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Cablegate: Imf Board Approval Amid Local Debate

VZCZCXRO5669
RR RUEHDA
DE RUEHAK #1272/01 1441306
ZNR UUUUU ZZH
R 241306Z MAY 07
FM AMEMBASSY ANKARA
TO RUEHC/SECSTATE WASHDC 2255
INFO RUEATRS/DEPT OF TREASURY WASHDC
RUEHIT/AMCONSUL ISTANBUL 2752
RUEHDA/AMCONSUL ADANA 1976
RUEHBS/USEU BRUSSELS

UNCLAS SECTION 01 OF 02 ANKARA 001272

SIPDIS

TREASURY FOR INTERNATIONAL AFFAIRS - JROSE

SENSITIVE
SIPDIS

REF: ANKARA 685

E.O. 12958: N/A
TAGS: EFIN TU
SUBJECT: IMF Board Approval Amid Local Debate

1. (SBU) Summary: The IMF Board's May 18 review of Turkey's
stand-by program focused on the risk of fiscal slippage during an
election, a risk also identified by many local analysts. Approval
of the $1.1 billion IMF tranche also coincides with a rekindled
debate about what form Turkey's future relationship with the IMF
should take. Nationalist and "secular" opposition parties have been
the most vociferous opponents of the IMF program. But
debate about the IMF role is not limited to the opposition -- former
Central Bank Governor Serdengecti notes a weakening of the IMF
"anchor" but stresses the need for a strong domestic policy anchor
following the end of the current stand-by arrangement next year.
End Summary.

-------------------------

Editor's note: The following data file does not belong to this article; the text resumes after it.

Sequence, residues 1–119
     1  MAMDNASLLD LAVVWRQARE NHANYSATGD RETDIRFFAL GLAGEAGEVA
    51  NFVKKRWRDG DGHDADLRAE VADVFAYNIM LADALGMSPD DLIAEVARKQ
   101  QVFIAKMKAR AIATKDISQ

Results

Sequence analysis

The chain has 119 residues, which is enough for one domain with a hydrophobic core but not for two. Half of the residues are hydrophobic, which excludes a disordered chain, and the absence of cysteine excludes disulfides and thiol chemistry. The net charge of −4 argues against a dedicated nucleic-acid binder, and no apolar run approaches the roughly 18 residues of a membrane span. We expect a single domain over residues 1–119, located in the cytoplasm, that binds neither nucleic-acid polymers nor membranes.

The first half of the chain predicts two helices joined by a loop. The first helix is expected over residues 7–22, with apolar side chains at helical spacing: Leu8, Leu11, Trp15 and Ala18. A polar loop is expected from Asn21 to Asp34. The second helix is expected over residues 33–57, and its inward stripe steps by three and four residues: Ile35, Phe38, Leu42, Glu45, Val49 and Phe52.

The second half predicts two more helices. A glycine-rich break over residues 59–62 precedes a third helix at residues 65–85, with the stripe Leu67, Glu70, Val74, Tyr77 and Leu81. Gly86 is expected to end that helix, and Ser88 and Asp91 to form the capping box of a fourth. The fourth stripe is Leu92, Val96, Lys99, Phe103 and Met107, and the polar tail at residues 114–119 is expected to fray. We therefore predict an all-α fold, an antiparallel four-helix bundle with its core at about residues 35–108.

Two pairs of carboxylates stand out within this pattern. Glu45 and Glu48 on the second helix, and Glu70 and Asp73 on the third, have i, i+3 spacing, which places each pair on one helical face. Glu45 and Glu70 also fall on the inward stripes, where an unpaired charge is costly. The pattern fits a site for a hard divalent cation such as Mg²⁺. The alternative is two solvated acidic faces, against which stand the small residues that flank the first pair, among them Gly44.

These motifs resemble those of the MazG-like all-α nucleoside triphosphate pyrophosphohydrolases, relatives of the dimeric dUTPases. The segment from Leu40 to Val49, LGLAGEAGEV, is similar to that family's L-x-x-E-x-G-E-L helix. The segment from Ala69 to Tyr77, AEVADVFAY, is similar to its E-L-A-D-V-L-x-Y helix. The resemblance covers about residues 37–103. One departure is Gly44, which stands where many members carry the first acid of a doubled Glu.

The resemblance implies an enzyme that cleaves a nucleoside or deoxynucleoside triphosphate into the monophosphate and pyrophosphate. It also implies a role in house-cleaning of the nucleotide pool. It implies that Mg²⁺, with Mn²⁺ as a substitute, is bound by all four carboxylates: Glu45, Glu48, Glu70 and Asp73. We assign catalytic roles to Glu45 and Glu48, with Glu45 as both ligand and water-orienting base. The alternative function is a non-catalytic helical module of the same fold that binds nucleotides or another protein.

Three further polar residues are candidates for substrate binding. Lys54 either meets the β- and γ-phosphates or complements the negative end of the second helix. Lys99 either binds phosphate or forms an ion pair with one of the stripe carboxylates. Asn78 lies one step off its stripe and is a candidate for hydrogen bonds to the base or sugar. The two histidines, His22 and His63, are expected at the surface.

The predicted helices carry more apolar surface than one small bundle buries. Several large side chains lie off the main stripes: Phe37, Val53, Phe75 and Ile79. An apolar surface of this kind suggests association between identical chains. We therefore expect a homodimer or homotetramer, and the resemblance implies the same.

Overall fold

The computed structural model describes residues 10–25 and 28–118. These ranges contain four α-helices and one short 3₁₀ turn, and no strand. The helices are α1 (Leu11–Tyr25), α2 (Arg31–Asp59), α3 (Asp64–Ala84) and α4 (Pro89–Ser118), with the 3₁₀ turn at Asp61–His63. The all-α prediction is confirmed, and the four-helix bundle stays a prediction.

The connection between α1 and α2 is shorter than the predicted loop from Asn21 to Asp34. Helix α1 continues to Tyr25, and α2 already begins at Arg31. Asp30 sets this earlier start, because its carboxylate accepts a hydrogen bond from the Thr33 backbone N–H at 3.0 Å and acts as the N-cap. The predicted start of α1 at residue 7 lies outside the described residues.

Fiscal Slippage, Populism
-------------------------

2. (SBU) So far, election-year spending has not been significant
enough to cause problems with the IMF, as the IMF has firm
commitments from the government both to block excess 2007 spending
and make up for any shortfall after the fact. Nevertheless, as
election-day approaches, there are press reports about populist GOT
steps that would cause fiscal slippages. Among the measures
reported in the press are: amnesties to 400,000 farmers who
reportedly owe YTL 400 million to the State; payments to Imar Bank
bond holders that will cost about YTL 1.6 billion to the budget;
opening more universities; converting 218,000 temporary workers to
permanent employment status; broadening regional investment
incentives; supplemental allocations for highway construction;
increased health expenditures through usage of private hospitals;
and pre-election government wage hikes.

3. (SBU) These reports need to be taken with a grain of salt, since
reported policies are often not implemented. We understand the
government has assured the IMF it will not add $1.5 billion in
highway spending, despite press reports. Nevertheless, the obvious
election-year pressures lend the reports some credibility to the
concerns of the IMF. Prime Minister Erdogan's call for VAT rate
reductions in his May 23 speech to TUSIAD is an obvious concern.

4. (SBU) Monthly budget results also raise questions about a
possible election-year fiscal loosening. January-April data show an
8.3% increase in spending in real terms. VAT receipts are down 12%
from last year's level. Special Consumption tax receipts are also
down but non-tax revenues -- mostly profits from state-owned
enterprises -- overperformed. Still, the overall deficit and
primary surplus seem to be broadly in line with achieving the
year-end targets: the January-April primary surplus is 37.8% of the
full-year target. Nevertheless, IMF rep calculates a shortfall from
the primary surplus target of about 0.3% of GDP for the first four
months of the year, i.e. a 1% of GDP shortfall on an annual basis.

----------------------------------------